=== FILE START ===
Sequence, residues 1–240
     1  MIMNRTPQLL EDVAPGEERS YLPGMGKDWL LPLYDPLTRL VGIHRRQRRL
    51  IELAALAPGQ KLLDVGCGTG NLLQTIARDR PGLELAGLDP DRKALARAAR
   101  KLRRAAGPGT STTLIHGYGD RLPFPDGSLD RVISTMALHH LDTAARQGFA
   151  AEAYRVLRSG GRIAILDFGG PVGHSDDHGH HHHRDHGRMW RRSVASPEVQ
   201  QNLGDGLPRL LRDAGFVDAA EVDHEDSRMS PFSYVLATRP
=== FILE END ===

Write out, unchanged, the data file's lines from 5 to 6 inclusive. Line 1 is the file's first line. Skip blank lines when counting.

   151  AEAYRVLRSG GRIAILDFGG PVGHSDDHGH HHHRDHGRMW RRSVASPEVQ
   201  QNLGDGLPRL LRDAGFVDAA EVDHEDSRMS PFSYVLATRP